Hanvon Driver (DKMS)

To answer an ask-ubuntu question I’ve created a dkms package for the hanvon graphics table, version 0.5 for precise.

Please install from my wacom-plus ppa by following the instructions and installing the hanvon-dkms package from the command line with `sudo apt-get install havon-dkms`

Let me know in the comments below if it works and how well it works when you unplug and plug the device in.

Python Crontab 1.0

Mission Accomplished! As a programmer, if you want to write crontabs, system and user tabs and want to access them in a less hairy way; then this is the module for you!

This 1.0 release includes lots of new unit tests, fixes for SunOS and other things and clean up of examples. You can get your source code from PyPi here: Awesome Source Code Link

And here’s a taste of a script using python-crontab:

from crontab import CronTab

system_cron = CronTab()
user_cron = CronTab(user='username')
fake_cron = CronTab(fake_tab='')

Creating a new job:

job = cron.new(command='/usr/bin/echo')


New job for reboot:

job2 = cron.new(command='/foo/bar',comment='SomeID')

Finding jobs with certain commands:

list = cron.find_command('bar')

Iterating over all cronjobs:

for job5 in cron:
print job5

Launchpad project page, GPLv3

Bricked or Just Resting?

I tried to install CyangenMod on my Samsung Vibrant thanks to the suggestion of Paultag (I’ll get you for this!). Installing the ClockworkMod failed as follows:

$ heimdall flash --kernel zImage
Heimdall v1.3.2, Copyright (c) 2010-2012, Benjamin Dobell, Glass Echidna

This software is provided free of charge. Copying and redistribution is

If you appreciate this software and you would like to support future
development please consider donating:

Initialising connection...
Detecting device...
Claiming interface...
Attempt failed. Detaching driver...
Claiming interface again...
Setting up interface...

Checking if protocol is initialised...
Protocol is not initialised.
Initialising protocol...
Handshaking with Loke...

Beginning session...
Session begun with device of type: 0

Downloading device's PIT file...
PIT file download sucessful

Uploading KERNEL
ERROR: Failed to send file part packet!
KERNEL upload failed!
Ending session...
ERROR: Failed to send end session packet!
Re-attaching kernel driver...

now my phone looks like this:

And that’s all it will do now, complain with a message about the connection not working. i can’t even find any forums or communities online to ask about the problem. So in desperation I come to the Ubuntu community to see if any of you guys have seen this problem before. If you have, please comment below.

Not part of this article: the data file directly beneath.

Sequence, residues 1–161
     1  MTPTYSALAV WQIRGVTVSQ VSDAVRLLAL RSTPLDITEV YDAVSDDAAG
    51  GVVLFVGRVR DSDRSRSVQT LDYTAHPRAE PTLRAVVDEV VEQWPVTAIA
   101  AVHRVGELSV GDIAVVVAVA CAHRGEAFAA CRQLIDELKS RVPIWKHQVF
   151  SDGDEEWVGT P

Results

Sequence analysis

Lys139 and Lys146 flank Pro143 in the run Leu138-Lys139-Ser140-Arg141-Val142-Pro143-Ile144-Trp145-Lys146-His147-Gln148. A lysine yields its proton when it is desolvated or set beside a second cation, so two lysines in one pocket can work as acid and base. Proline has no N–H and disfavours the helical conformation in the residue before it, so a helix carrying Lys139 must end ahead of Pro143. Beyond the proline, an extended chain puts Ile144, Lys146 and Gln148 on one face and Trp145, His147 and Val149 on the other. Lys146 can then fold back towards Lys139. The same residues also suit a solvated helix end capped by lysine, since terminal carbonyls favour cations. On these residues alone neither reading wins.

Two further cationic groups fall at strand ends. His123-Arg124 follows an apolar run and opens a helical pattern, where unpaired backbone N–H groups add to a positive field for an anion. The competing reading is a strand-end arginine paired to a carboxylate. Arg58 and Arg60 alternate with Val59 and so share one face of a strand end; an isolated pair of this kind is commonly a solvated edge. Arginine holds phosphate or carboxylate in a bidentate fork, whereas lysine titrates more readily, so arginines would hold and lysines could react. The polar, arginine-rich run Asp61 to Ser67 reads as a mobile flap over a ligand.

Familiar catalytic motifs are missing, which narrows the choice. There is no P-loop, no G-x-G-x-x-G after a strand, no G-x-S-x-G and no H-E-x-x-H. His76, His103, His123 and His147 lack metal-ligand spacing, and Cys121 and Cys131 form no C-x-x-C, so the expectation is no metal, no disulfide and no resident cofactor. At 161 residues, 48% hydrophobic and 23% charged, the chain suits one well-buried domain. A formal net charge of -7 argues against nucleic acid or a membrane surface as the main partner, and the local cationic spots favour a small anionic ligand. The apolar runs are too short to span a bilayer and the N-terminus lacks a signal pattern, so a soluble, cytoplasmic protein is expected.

Note: Holding the power and volume buttons to get it into download mode doesn’t work any more. Removing the battery doesn’t help either.

Update: This phone is a Samsung Vibrant, many of these devices were locked on the hardware level by carriers for unknown reasons. The only way to recover them is to buy a hardware jig which connects two of the pins via a set of resistors. Thanks to all who helped in the comments below.

Audacious CSS Desktop Programming

Take a look at this video, here I show an awesome new technology for using Clutter/Gtk with Cascading Style Sheets.

Audacious Video

You can test this out for yourself with Ubuntu 12.04 (Beta) using the following:

sudo apt-get install gir1.2-gtk-3.0 gir1.2-clutter-1.0 gir1.2-gtkclutter-1.0 gir1.2-gconf-2.0
bzr branch lp:csslavie
cd csslavie

Note: default clutter/cogl has a bug which prevents the background’s opacity setting, so you won’t get as cool an effect. But a fixed version of those libraries should be available eventually.

Please comment below what you think.

Introspection Introspection

I’ve written a script which I can use to get information about gobject introspection modules for use in python. It’s written in python and allows you to look at actual function names, actual object names and what really is going on.


This is mainly a problem because the documentation for Gtk with gi.repository is so poor and not clearly described that it makes it impossible to use without great force of will.

Hopefully this script can make the job easier for others, feel free to adapt it and post your remixes.

Ubuntu TV a Case Study

Hello Community, I’ve put together a video to show my existing Ubuntu TV; the one I’ve been using with XBMC for the past year or more.

See Video Here

If you’re using a similar setup, I’d love to know how you manage your content library and do remote access. If you’re interested in my fall-over easy python modules for accessing the XBMC library database you can find the code on launchpad and the librarian code too.

Sculpt vs Mold Programming